Abu Dhabi Investment Authority (ADIA), world’s third-biggest sovereign wealth fund, said it may invest more in renewable energy, as climate change fears prompt fund managers to look beyond fossil fuels.
Abu Dhabi Investment Authority (ADIA), the world’s third-biggest sovereign wealth fund, said it may invest more in renewable energy, as climate change fears prompt fund managers even in the oil-rich Middle East to look beyond fossil fuels.
“The world’s energy industry is in the early stages of a fundamental shift from fossil fuels to a more sustainable reliance on a range of renewable technologies,” ADIA said in its 2017 annual review on Monday.
The ADIA’s comments show how global sovereign funds are waking up to growing calls from governments to address climate change and to build a low-carbon society in the future.
Two years ago ADIA invested in Greenko Energy Holdings, one of India’s renewable energy companies, with Singapore’s GIC.
ADIA manages the reserves of the emirate of Abu Dhabi, part of the United Arab Emirates and which produces about 3 percent of the world’s oil output.
The fund manages USD 828 billion in assets, according to the Sovereign Wealth Fund Institute, making it the world’s third-largest sovereign wealth fund.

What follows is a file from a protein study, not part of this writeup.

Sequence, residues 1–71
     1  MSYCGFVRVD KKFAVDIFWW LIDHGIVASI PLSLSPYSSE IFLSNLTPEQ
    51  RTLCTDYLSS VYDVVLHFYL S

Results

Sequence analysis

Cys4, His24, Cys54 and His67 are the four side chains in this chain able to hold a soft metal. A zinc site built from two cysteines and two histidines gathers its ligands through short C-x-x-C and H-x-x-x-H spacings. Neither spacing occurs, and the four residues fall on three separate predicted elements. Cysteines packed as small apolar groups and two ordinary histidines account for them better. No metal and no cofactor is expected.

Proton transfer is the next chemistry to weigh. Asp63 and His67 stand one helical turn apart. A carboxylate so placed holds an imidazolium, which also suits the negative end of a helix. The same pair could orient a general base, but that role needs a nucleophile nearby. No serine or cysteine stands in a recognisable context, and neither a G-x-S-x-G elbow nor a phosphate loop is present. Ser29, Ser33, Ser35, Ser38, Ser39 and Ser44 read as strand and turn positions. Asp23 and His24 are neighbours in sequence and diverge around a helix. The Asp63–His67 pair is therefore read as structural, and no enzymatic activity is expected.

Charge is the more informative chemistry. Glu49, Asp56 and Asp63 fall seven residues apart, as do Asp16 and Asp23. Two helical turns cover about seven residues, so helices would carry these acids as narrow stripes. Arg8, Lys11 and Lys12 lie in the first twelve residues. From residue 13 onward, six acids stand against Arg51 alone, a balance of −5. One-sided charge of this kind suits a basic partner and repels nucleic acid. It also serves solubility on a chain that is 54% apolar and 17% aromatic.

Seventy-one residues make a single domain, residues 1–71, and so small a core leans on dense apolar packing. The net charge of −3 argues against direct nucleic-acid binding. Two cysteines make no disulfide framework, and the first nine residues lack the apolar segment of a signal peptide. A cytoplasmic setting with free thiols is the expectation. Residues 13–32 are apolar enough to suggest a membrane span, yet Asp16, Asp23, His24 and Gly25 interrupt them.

Norway’s USD 1 trillion sovereign wealth fund said earlier this year it will step up its assessment of the risks posed by climate change to its investments in power producers, oil firms and basic materials companies.
ADIA said it conducted a review last year of climate change and its potential impact, in order to assess how markets and governments could respond to this impending transition.
Overall, ADIA’s latest review showed that its long-term returns improved in 2017, helped by rising equity markets.
In US dollar terms, the 20-year and 30-year annualized rates of return for the ADIA portfolio were 6.5 percent and 7 percent, respectively.
This compared to 20-year and 30-year annualized rates of return of 6.2 percent and 6.9 percent, respectively, in 2016.
ADIA said 55 percent of assets are managed by external managers.